Many people who discover that their child has autism have a laundry list of questions. How severe is it? Can it be treated? Will my child grow up to live a normal life? How do you know it’s autism? Although your family doctor can explain some of the ins and outs of the disorder, you will have to see a specialist to determine the extent of your child’s condition. The diagnosis starts with the Childhood Autism Rating Scale (CARS). Then there is a test that may be given by a doctor, a teacher, or even a parent. This means that you could have an early warning if your child is has signs of autism. The Childhood Autism Rating Scale assesses a child based on a variety of criteria. The results determine if autism is present. But how does it work (and how well does it work)?
Childhood Autism Rating Scale Explained
Childhood Autism Rating Scale (CARS) requires an observer to examine fifteen areas. It rates them on a scale of 1 to 4. The types of things you might have to rate are visual, auditory, and other sensory response, verbal and nonverbal communication, use of objects, emotional responses, and relationships to people (just to name a few). The observer must rate each area. It will use a score of 1 indicating normal development for the child’s age and 4 denoting severely abnormal behavior or response. The scale goes up to 60 (with a possible score of up to 4 assigned to each of the 15 areas of observation) and the cutoff for autism is 30. Those who score below this number either have a normally developing child or some other disorder is causing a problem. A score of 30-37 signifies a mild to moderate form of autism. Those in the 37 to 60 range are considered severely autistic. Of course, this scale isn’t definitive. Scores are subjective, but it can help to determine whether or not your child has autism. It will also show how severe it might be so that further testing can be done and treatment can begin.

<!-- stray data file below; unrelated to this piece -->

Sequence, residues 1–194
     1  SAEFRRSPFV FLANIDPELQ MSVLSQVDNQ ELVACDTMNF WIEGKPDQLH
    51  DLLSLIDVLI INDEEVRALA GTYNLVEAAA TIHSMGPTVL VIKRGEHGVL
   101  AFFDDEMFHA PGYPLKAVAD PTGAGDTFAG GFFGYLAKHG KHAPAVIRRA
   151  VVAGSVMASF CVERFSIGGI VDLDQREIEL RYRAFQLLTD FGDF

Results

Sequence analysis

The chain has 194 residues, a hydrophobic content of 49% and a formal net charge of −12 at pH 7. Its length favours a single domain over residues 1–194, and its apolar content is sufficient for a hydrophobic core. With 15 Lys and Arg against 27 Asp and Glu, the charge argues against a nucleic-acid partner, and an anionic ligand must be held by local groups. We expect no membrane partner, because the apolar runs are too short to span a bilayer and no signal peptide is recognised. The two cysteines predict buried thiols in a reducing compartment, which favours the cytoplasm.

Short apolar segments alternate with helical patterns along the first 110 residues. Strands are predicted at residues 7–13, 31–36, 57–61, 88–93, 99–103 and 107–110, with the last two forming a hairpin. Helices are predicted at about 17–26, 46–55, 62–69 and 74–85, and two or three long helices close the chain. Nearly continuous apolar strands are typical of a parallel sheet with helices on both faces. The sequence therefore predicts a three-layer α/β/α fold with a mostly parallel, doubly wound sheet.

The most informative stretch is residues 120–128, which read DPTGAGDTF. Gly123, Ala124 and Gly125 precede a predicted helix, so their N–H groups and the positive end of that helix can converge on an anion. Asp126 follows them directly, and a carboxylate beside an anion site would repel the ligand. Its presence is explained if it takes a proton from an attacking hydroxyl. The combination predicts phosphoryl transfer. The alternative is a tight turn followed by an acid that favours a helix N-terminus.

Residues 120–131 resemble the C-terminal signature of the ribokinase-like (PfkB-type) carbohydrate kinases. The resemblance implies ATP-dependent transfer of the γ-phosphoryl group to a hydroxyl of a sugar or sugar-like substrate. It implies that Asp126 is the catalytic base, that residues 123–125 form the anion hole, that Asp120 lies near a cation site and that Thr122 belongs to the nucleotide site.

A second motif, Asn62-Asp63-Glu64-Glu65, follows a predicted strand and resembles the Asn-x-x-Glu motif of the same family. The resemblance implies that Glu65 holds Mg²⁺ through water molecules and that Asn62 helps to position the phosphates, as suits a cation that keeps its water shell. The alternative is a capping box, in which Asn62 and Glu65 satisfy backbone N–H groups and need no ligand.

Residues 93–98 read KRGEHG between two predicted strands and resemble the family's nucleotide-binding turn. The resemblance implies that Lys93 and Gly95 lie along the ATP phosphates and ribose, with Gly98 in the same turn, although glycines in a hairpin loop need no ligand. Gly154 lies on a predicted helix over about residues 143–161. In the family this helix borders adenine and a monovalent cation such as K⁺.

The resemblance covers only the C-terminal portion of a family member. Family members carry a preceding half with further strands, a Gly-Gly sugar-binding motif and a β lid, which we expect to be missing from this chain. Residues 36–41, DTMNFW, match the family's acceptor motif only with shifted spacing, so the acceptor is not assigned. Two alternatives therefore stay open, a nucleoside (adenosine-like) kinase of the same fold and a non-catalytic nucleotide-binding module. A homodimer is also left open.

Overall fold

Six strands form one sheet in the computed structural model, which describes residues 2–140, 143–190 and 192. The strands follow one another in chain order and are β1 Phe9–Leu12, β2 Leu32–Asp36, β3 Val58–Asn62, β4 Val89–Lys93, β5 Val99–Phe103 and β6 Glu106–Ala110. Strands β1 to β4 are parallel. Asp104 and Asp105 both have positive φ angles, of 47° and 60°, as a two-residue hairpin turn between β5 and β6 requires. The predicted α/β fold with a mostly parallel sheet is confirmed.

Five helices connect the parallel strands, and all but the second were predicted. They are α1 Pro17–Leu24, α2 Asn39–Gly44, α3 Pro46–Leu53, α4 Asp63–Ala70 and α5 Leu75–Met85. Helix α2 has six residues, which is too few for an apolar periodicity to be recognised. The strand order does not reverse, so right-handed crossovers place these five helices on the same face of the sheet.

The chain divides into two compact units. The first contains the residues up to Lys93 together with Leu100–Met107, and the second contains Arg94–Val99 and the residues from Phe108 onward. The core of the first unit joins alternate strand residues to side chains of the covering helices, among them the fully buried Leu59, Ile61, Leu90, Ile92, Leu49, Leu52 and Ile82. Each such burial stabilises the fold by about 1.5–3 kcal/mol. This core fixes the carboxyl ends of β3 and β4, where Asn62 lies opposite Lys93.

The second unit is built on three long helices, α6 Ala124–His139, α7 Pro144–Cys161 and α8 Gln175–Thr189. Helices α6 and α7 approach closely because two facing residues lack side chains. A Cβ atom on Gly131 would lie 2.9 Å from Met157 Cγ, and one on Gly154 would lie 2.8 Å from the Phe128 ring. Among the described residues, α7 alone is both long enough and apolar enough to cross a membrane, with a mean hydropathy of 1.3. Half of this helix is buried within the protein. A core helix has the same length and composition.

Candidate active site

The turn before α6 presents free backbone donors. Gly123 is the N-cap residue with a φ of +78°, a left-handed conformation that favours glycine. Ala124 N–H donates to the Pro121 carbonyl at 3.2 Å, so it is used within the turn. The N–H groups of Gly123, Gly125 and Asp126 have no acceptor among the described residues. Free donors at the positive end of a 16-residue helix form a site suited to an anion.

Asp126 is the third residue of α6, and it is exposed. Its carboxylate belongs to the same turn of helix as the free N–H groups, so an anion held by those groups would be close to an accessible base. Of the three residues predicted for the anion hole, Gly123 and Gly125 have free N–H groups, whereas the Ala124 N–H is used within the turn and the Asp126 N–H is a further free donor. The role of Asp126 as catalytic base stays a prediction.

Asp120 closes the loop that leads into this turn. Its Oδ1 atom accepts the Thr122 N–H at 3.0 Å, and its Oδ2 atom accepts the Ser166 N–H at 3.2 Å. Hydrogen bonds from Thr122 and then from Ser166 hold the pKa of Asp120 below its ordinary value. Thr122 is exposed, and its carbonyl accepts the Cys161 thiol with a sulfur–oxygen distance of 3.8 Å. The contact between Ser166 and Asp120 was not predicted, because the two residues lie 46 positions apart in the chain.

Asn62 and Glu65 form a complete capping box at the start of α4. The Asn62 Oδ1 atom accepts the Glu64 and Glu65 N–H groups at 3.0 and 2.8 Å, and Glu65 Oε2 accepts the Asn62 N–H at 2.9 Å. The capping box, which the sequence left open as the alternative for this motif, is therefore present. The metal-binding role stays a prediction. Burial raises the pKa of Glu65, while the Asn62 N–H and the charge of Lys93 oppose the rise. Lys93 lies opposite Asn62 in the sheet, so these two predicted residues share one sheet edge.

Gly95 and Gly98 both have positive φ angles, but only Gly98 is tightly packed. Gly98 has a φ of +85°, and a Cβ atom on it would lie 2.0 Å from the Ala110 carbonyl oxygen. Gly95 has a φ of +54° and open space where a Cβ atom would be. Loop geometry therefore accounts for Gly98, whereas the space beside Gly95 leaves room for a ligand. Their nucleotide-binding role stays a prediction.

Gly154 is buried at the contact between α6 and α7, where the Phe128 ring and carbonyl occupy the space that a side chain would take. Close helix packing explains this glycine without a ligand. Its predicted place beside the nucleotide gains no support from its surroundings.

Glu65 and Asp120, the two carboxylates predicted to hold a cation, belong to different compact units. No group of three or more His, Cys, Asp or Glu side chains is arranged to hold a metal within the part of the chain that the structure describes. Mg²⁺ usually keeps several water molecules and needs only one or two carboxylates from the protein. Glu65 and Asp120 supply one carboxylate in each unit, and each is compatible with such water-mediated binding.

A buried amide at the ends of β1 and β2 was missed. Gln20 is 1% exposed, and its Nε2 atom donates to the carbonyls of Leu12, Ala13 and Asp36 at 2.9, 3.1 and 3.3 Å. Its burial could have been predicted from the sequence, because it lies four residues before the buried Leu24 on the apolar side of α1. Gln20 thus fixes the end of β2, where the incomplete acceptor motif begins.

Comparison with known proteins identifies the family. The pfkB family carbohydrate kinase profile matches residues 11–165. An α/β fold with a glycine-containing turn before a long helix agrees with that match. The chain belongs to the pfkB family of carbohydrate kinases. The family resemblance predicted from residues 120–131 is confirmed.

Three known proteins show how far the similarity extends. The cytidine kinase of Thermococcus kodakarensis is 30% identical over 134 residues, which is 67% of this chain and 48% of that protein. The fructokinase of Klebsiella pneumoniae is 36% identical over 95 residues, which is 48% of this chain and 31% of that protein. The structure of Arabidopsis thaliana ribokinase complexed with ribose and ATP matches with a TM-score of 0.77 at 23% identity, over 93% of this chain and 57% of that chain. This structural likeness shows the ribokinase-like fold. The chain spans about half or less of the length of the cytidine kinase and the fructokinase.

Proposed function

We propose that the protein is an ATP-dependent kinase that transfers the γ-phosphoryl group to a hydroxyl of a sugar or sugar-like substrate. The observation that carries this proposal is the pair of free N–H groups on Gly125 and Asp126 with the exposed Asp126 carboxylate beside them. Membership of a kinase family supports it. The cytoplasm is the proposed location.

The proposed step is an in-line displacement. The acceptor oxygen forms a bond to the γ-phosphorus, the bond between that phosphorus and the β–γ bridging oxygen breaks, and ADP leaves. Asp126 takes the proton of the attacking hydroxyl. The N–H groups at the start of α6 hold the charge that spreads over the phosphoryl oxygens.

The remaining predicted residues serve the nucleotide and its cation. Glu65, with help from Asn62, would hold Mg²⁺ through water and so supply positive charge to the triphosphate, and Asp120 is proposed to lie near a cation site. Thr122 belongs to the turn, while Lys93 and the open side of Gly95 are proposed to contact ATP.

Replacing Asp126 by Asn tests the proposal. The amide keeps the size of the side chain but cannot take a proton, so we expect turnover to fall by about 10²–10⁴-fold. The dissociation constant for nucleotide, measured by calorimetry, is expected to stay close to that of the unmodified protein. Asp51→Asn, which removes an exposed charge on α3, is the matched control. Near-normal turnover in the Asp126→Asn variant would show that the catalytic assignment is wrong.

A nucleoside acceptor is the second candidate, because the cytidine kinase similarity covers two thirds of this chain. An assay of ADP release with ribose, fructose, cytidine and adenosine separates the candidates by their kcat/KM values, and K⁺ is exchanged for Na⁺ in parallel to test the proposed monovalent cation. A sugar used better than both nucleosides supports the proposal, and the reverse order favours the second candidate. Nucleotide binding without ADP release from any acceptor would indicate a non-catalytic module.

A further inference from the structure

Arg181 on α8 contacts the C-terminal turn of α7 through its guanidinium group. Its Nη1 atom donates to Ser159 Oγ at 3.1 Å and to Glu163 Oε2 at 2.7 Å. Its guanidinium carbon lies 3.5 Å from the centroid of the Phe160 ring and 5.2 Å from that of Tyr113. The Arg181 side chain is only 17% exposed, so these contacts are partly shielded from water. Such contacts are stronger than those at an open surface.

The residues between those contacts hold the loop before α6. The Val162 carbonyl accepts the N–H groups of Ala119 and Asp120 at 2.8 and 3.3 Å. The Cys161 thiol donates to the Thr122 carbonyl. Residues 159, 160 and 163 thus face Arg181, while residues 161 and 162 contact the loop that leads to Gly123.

The Childhood Autism Rating Scale assessment test is usually administered to children over two years of age. It may even given to adults. It can be used to determine if the child is autistic and the severity. It can be administered several times in an attempt to track improvements. Parents who opt to conduct the test on their own should do so knowing that they are not trained professionals, and so their results may not be entirely accurate. But as early warning systems go, this scale may provide the reason to have a child tested. This results in early detection and treatment.
More Information on the Childhood Autism Rating Scale
The Childhood Autism Rating Scale is considered to be an accurate method of determining cases autism when administered by a trained professional. The system was developed over 15 years with more than 1,500 subjects. Since then, several more tests have been done to verify the validity of the scale. If you want to find out more about Childhood Autism Rating Scale (CARS), or get a copy of the scale in order to rate your own child, simply look online or talk to your pediatrician.
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